Seven thousand people sat in a Boston conference centre listening to a live band play soft rock while they waited for Microsoft CEO Steve Ballmer to deliver his opening speech at the MS Worldwide Partner Conference this morning.
He was running half an hour late because a woman had sadly died in a Boston road tunnel last night when a three tonne slab of concrete fell from the roof and crushed her car. The morning-after, Boston traffic was snarled up along alternative routes, but Microsoft's evangelical delegates still made it to the church on time.
They had all convened to hear Ballmer's sermon. He's amazing, they say; inspirational. Might he lay on hands? Actually, he's more like a second rate stand-in on a television shopping channel. He would do well selling replacements to old age pensioners with rickety hearing aids. He shouts. When the crowd gives him applause, he starts to screech.
Rather than deliver a TV evangelist's sermon, Ballmer gave more of a tuppeny pep talk. Microsoft was the "winning choice", he said. Its partners had "the desire to win," he said.
Still, an "African children's" gospel choir sang the words of a new Microsoft catch phrase, "I am here". The idea was that everyone was here to partner. Only Microsoft doesn't call it partnering anymore. It's called "coopetition", which means it will compete for its partner's business even as it preaches to them about trust and responsibility.
Even in places like sceptical Britain and bolshy France, partners have to put up with this idea because so many people buy Microsoft software. One of the more devout British partners was complaining last night that when he talks with rivals about how they should be getting chummy as coopetitors instead of just fussing and fighting, they looked at him like he'd lost the plot.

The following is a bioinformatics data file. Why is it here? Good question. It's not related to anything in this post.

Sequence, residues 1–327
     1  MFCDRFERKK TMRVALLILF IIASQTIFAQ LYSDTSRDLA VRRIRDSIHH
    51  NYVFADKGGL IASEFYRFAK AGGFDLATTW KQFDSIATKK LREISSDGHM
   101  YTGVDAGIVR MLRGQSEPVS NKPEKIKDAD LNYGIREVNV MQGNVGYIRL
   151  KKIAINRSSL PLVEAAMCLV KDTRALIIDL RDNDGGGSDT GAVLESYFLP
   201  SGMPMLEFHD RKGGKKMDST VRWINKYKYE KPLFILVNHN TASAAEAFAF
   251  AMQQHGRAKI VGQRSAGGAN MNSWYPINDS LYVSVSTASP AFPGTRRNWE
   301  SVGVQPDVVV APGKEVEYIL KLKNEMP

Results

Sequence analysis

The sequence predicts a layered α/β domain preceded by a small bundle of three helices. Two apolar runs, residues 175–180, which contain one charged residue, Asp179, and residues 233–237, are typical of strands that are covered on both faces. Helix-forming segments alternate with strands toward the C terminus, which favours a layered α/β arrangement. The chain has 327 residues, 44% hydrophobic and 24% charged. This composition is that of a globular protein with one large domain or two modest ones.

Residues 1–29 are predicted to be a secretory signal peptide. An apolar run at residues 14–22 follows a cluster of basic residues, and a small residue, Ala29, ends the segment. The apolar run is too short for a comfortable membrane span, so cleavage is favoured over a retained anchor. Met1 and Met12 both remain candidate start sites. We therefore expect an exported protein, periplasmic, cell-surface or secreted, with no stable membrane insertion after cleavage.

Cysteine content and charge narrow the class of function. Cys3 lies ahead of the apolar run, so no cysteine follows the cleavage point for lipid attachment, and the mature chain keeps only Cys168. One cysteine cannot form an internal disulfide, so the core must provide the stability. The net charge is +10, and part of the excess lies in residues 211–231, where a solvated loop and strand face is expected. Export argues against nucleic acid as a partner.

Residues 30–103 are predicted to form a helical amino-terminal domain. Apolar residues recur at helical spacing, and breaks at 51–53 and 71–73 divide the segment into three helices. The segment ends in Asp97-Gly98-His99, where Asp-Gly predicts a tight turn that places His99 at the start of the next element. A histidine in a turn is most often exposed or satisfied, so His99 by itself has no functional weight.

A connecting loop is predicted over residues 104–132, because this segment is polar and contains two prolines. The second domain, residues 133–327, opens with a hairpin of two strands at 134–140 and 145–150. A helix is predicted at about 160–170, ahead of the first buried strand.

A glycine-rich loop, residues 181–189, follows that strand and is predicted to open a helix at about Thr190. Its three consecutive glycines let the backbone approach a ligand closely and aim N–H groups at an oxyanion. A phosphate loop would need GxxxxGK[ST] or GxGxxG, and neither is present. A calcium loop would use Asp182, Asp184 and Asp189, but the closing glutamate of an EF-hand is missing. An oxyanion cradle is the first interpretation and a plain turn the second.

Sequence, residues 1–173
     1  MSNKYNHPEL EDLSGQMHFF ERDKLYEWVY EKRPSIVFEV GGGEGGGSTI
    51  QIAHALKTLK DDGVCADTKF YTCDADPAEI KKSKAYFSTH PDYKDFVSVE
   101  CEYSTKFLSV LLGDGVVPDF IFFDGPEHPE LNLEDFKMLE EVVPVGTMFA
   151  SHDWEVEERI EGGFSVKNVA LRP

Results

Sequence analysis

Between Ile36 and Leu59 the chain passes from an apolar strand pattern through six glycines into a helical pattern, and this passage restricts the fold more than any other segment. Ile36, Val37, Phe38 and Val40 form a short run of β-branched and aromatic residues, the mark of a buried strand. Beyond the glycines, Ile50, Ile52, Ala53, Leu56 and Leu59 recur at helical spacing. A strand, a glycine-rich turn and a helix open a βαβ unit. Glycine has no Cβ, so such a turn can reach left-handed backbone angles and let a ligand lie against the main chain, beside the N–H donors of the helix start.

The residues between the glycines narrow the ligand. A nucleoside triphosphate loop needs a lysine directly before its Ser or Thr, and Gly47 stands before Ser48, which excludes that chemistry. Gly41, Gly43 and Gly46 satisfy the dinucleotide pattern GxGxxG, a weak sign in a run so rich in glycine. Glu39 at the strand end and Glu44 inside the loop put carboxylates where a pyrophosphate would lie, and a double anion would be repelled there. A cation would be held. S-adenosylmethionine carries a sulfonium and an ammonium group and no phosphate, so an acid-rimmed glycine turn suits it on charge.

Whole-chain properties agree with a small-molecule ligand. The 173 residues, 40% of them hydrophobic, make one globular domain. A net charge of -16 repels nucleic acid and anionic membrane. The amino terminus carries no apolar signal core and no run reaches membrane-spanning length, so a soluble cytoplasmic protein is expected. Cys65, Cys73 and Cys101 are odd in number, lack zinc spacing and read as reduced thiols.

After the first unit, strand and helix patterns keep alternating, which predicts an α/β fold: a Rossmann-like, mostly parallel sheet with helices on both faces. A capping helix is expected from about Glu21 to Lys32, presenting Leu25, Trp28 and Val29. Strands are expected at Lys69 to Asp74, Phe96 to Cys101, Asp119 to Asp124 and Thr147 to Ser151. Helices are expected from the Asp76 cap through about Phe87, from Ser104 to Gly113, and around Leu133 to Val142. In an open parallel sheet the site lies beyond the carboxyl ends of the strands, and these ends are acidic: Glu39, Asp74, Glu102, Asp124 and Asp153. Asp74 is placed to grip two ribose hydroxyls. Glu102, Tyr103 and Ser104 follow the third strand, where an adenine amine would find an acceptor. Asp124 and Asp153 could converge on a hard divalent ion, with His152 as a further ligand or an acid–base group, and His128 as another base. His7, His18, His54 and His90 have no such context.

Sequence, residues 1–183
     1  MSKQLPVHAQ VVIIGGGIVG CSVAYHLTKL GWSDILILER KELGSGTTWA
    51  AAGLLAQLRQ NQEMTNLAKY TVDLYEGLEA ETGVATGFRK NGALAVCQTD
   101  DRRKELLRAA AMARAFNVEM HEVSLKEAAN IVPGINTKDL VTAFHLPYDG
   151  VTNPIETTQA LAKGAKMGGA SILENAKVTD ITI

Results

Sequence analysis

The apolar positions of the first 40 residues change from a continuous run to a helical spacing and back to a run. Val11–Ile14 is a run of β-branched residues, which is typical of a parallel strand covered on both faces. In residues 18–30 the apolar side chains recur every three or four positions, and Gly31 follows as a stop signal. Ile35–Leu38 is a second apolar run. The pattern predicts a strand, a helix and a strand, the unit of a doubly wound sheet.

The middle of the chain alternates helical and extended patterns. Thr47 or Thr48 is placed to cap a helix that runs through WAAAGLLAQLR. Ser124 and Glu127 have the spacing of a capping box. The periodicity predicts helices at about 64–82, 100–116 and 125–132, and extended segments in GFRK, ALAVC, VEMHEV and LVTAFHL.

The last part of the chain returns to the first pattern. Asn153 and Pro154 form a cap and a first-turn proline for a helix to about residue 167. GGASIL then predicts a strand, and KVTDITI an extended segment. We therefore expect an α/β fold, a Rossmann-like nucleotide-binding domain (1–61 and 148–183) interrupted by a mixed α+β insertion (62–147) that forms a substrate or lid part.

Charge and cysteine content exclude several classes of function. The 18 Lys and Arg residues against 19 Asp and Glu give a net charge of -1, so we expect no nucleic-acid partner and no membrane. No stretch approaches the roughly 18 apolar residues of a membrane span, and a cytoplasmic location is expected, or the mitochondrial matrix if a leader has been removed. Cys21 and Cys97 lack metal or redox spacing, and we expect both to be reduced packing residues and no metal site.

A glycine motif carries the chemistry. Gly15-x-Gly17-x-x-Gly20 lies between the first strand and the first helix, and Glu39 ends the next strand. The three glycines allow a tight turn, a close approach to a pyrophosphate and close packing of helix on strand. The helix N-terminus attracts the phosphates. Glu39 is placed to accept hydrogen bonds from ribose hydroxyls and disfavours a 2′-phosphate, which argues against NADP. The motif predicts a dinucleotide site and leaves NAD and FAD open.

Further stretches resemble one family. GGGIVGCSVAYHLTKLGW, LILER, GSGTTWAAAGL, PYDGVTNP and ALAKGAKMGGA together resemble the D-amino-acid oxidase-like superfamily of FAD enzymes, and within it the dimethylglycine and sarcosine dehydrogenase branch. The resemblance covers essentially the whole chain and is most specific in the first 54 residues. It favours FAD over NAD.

As it happens, Ballmer said Microsoft had been trying to figure out what its customers liked about its software and the answers could be condensed mostly into a single religious motive, which was that everyone else used it.
But that customer power is not so great that Microsoft can merely impose coopetition on the minions who sell its software. It was setting up a "Partner Council", said Ballmer to discuss what form their new contracts of business would take under the new philosophy.
Much of this was necessary because of the "Live" suite of services Microsoft was delivering direct over the wire. So, for example, its resellers might get referral fees for scraps of business they sacrificed to its Live project.
Partners had aired concerns before the conference of Microsoft's dabblings in the direct selling of services. Not that they were too bothered. Ballmer appeared to placate them easily with the promise that Microsoft took its "trust and responsibility" toward their welfare seriously.
He reassured them that this was the "most amazing year of product innovation" that Microsoft has seen, possibly, "in all time."; told them how they should "work together", then reminded them how they'd always been complaining that Microsoft was eating their babies, but their whining would be unnecessary if they simply "embraced change", or put up with it and found something else to do with their time - or cooperate with Microsoft's competition.
The rest of Boston, meanwhile, is trying to figure out whether it's safe to travel in any of the road tunnels built in recent years as part of a $14bn disaster dubbed the "Big Dig". It's been in trouble before, with former employees of a cement firm being charged with allegedly supplying poorly mixed concrete to the Big Dig, while five cars were hit with rubble falling from a tunnel vent in April 2005.
Officials, according to the Boston Globe newspaper, have always insisted the new tunnels are safe. If only people believed them, the City could get back to business.®